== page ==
The wizardry is back! And now in one extended performance, rather than two back-to-back or separate parts, you can watch the special effects from the movies take place in real life.  Hogwarts and all of your favorite characters have grown up, now with their own children to worry about. See it twice – once from an orchestra seat and once from the mezzanine where you’ll be gifted with a different view of the spectacular set changes and magic.

Lyric Theatre,

Jagged Little Pill

Jagged Little Pill © Matthew Murphy

Featuring the music of Alanis Morrisette, Jagged Little Pill presents a Connecticut family confronting a variety of personal issues.

Broadhurst Theatre,

The Lion King

The Lion King © Joan Marcus

The second of Disney’s gargantuan Broadway hits currently running, The Lion King is a visually striking depiction of the story of the animals living in Pride Land. The characters – Simba, Nala, Timon and Pumba — are familiar from the animated movie of the same name. The show’s standout “Circle of Life” song and procession will stay with you long after you’ve left the theatre.

Minskoff Theatre,

Moulin Rouge

Moulin Rouge © Matthew Murphy

An over-the-top, musical interpretation of Baz Luhrmann’s film about decadent Parisian, literary life, Moulin Rouge is a wondrous romp through the Bohemian lifestyles of its characters, replete with more than 70 songs that will test your knowledge of pop music. There’s a reason this show won the Tony Award for Best Musical.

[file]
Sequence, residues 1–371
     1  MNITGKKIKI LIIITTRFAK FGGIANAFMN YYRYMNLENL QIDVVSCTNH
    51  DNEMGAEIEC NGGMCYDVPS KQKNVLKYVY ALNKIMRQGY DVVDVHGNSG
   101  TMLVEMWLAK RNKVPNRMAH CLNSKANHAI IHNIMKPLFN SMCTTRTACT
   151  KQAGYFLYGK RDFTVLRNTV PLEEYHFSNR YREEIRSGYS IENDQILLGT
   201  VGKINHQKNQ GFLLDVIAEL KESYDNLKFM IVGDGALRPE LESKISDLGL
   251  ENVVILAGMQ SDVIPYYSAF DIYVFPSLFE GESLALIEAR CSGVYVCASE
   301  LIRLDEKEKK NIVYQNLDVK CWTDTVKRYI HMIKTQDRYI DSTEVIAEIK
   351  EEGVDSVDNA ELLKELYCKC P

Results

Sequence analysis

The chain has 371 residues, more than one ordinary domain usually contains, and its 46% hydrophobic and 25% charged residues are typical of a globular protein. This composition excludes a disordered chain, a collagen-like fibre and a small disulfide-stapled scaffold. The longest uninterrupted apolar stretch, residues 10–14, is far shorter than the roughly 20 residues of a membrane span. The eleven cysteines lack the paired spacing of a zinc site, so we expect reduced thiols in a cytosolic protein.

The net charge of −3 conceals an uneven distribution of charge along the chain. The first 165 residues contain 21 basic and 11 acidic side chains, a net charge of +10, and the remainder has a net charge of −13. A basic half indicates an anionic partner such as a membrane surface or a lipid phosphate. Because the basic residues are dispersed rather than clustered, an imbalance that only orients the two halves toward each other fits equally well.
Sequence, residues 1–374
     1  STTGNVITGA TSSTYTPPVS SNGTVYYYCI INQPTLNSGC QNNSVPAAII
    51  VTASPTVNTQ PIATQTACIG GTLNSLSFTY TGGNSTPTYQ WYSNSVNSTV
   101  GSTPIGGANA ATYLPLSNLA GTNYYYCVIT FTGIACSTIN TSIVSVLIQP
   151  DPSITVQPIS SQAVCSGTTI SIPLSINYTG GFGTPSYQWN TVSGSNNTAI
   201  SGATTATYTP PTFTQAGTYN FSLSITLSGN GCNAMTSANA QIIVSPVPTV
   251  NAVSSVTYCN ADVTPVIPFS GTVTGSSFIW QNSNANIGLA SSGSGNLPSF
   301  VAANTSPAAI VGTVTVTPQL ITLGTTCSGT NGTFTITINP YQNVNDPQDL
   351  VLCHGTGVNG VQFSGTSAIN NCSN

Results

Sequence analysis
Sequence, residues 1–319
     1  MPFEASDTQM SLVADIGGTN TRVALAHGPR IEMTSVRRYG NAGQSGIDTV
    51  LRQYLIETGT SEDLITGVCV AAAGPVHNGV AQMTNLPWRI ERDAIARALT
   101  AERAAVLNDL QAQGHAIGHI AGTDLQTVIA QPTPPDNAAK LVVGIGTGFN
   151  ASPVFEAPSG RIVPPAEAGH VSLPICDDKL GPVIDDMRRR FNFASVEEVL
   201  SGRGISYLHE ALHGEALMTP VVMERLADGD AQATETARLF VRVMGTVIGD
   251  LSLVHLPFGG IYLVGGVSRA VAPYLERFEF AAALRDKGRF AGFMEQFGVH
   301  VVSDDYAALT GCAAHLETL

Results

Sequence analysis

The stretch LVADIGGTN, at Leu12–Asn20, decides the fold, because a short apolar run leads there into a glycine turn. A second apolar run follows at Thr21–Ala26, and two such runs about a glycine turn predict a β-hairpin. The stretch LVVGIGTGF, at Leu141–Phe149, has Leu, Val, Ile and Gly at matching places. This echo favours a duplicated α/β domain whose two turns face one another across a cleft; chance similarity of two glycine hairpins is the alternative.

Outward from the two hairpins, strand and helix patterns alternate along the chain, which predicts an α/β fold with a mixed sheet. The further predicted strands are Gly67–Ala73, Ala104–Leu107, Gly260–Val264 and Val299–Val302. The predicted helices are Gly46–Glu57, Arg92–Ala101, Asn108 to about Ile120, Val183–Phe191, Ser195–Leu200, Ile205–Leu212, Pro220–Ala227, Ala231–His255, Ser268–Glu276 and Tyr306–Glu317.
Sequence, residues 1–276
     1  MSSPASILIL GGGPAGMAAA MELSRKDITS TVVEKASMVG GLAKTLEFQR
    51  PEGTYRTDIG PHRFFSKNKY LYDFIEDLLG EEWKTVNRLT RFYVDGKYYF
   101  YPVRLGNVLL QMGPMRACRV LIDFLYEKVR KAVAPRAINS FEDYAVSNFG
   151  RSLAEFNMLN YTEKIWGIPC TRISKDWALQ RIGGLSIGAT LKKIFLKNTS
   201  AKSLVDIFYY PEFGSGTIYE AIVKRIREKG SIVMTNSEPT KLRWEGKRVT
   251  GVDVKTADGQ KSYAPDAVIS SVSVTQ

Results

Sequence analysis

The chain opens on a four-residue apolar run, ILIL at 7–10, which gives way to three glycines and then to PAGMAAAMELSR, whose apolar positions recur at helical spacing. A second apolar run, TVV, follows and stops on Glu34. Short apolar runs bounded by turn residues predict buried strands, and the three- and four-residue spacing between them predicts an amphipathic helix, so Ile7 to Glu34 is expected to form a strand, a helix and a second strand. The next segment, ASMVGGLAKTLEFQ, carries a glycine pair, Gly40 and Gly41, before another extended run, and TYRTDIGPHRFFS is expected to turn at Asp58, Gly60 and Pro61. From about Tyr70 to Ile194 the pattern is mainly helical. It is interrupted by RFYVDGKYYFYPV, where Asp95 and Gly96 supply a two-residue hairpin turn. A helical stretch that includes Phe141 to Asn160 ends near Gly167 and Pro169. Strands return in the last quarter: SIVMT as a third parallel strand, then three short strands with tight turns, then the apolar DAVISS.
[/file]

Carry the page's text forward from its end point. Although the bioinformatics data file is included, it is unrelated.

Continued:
Al Hirschfeld Theatre,

The Phantom of the Opera

Phantom of the Opera © Matthew Murphy

No matter if you’ve seen this musical once or five times, the chandelier scene will still have you gasping out loud. A thriller about an opera singer and the masked phantom who yearns to be with her, Andrew Lloyd Webber’s musically rich Phantom of the Opera has been playing to packed houses since 1988.

Majestic Theatre,

TINA: the Tina Turner Musical

TINA: the Tina Turner Musical © Manuel Harlan

Fans of Tina Turner will love this musical story of the singer’s rise from being part of the Ike and Tina Turner duo to stardom on her own merit. The songs, the shimmies and the hair will have you dancing all night to the music of the Queen of Rock ‘n Roll.

Lunt-Fontanne Theatre,

To Kill a Mockingbird

To Kill a Mockingbird © Julieta Cervantes

Harper Lee’s story of 1930s Alabama racism, prejudice and innocence centers on lawyer Atticus Finch’s attempts to correct overt injustice.

Shubert Theatre,


Waitress © Matthew Murphy

With music and lyrics by songwriter/composer-turned-actress Sara Bareilles, Waitress is a tasty musical about pie making sensation and waitress Jenna and her coming-of-age in a loveless marriage. Yes, that’s apple pie you actually smell in the theater!

Ethel Barrymore Theatre,


Wicked © Joan Marcus

Who doesn’t love the Wizard of Oz?  Wicked takes another look at the Man Behind the Curtain story with a story about two school chums who grow up to be Glinda the Good Witch and the Wicked Witch of the West, the gorgeously green Elphaba.